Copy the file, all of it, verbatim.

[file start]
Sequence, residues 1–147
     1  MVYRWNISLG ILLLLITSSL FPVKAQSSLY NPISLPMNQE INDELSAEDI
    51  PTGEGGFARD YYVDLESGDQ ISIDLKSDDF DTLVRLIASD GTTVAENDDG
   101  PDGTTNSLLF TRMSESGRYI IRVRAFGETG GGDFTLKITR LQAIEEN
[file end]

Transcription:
Sequence, residues 1–147
     1  MVYRWNISLG ILLLLITSSL FPVKAQSSLY NPISLPMNQE INDELSAEDI
    51  PTGEGGFARD YYVDLESGDQ ISIDLKSDDF DTLVRLIASD GTTVAENDDG
   101  PDGTTNSLLF TRMSESGRYI IRVRAFGETG GGDFTLKITR LQAIEEN